The graph published in the Diar report shows that up to November 2018, the month of the last real price collapse, the number of BTC held on addresses with a balance between 1,000 and 10,000 BTC was stable at around 3 million, which then amounted to just over 20 billion dollars.
But precisely in November, probably starting from the moment of the collapse, the number of BTC held in these addresses began to grow, indicating the triggering of a new period of accumulation.
Today, six months later, their volume seems to have stabilised at around 4.5 million BTC, or more than 35 billion dollars, and accounts for more than 26% of the entire current bitcoin circulation.
It was a staggering increase due to a “a whopping accumulation of 450,000 Bitcoins in less than 9-months” considering that in August 2018, when the price of bitcoin was similar to the current one (about 8,000 dollars), the addresses between 1,000 and 10,000 BTC held instead less than 20% of the circulating currency.
Part of this increase, however, is due to Coinbase which, in December 2018, moved about 5% of its tokens into new security facilities for cold storage, but Diar claims to have excluded these BTC from the analysis.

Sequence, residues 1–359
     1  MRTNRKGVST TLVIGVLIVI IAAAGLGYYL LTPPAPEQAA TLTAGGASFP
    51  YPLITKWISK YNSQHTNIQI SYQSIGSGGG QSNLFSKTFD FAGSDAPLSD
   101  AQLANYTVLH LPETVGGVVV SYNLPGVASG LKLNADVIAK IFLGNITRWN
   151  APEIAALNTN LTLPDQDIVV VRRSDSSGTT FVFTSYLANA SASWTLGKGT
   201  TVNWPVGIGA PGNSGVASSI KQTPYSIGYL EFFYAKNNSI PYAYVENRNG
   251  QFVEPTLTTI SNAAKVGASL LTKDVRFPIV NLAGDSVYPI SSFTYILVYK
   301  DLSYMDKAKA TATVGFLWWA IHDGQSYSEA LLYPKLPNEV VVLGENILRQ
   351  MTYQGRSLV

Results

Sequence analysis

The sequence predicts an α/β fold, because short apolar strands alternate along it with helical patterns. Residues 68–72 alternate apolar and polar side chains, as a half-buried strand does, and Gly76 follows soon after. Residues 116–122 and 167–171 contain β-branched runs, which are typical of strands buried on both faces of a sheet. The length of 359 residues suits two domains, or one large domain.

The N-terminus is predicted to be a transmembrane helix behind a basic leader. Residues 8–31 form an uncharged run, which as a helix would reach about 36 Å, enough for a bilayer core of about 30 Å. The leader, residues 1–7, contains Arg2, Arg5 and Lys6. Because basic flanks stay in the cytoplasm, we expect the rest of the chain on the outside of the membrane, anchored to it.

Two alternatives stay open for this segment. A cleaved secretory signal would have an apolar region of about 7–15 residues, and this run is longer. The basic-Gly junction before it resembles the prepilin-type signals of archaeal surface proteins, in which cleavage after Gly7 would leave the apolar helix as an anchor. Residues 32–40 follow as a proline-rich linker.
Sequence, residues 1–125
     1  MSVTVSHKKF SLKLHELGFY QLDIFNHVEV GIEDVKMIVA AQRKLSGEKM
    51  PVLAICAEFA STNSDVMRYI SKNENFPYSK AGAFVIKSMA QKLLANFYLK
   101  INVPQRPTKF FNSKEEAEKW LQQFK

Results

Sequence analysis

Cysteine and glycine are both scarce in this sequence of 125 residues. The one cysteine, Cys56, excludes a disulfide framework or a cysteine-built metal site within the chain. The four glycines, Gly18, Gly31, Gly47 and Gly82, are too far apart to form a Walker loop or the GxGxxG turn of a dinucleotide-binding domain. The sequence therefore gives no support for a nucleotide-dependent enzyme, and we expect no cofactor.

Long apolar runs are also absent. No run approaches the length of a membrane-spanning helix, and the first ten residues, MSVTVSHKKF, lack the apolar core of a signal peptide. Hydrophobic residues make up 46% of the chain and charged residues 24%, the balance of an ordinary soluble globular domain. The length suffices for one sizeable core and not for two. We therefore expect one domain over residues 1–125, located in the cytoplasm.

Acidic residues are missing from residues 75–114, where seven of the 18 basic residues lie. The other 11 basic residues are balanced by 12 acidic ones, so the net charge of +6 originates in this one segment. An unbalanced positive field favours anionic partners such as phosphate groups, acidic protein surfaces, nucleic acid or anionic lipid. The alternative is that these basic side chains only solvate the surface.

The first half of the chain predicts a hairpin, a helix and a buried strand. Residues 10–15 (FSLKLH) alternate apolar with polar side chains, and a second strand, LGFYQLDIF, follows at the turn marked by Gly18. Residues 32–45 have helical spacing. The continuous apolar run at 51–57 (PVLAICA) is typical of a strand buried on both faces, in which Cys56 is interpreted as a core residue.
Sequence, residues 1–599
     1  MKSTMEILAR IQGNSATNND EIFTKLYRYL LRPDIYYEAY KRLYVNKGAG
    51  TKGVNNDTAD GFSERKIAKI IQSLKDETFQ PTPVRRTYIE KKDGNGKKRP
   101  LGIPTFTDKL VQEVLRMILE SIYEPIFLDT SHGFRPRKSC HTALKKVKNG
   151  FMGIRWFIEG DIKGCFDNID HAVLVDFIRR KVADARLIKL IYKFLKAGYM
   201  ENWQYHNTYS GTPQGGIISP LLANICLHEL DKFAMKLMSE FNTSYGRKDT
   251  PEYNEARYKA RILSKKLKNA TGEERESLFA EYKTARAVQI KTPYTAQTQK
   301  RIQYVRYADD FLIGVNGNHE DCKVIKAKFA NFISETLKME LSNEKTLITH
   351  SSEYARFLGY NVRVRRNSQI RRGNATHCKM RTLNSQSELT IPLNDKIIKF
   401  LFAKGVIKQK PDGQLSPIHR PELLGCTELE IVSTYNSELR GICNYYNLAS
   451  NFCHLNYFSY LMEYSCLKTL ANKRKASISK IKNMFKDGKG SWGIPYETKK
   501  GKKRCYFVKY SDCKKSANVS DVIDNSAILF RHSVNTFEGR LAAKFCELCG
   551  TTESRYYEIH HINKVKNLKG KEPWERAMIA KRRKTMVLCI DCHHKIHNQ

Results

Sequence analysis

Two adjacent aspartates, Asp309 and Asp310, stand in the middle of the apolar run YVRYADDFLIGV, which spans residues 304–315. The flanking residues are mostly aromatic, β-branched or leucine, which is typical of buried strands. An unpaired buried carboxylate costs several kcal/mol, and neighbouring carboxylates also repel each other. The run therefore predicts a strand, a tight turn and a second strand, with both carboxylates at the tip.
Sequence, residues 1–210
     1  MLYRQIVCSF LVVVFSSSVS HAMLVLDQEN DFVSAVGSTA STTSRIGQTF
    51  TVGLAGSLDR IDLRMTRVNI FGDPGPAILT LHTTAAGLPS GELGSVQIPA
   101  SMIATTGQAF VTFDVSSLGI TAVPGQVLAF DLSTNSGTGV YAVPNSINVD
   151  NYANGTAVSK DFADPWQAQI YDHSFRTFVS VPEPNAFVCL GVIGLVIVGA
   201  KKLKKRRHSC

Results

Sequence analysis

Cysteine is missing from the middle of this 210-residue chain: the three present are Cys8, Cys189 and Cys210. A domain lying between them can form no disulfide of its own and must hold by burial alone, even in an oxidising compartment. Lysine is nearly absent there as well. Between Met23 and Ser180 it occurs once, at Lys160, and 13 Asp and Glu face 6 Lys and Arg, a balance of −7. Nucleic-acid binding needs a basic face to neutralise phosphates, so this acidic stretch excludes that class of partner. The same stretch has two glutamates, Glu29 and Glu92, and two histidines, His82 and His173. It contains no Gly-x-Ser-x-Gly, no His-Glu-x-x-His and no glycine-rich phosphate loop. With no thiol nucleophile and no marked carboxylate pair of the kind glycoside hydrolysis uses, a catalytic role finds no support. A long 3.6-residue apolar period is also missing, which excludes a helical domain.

During this period, from August 2018 to May 2019, the addresses defined as “firms” saw an increase of about 450,000 BTC in cuts of 1,000 to 10,000 bitcoins, while a reduction of 114,000 BTC in lower cuts of 100 to 1,000 bitcoins.
In total, these addresses now hold as much as 46% of all circulating money, with a value of 6 billion dollars higher than nine months ago, when the price of BTC was about $8,000.
In addition, these are not frozen or lost BTC, because most of these addresses have been active in the last three months, as well as having increased by 10% in number.
The volume of BTC held by addresses defined as private (retail), i.e. those from 0 to 100 bitcoins, has also increased, albeit to a lesser extent, while the volume of BTC held by large addresses defined as exchanges, i.e. those with more than 10,000 bitcoins, has clearly decreased.
These smaller addresses have also increased the volume of stored bitcoins by 126,000 BTC, as well as increasing the number, and now hold 38% of all circulating BTC.
Whereas the large exchange wallets now hold only 16% of all the circulating currency.
It is precisely the significant drop of more than 300,000 BTC held by the major addresses since the beginning of 2018 that suggests that this was a real accumulation process.
Before November 2018, more than 20% of the circulating BTC was kept in these addresses, while now this percentage has been reduced to 16%, clearly indicating a movement of BTC into smaller wallets, probably owned by individuals or companies.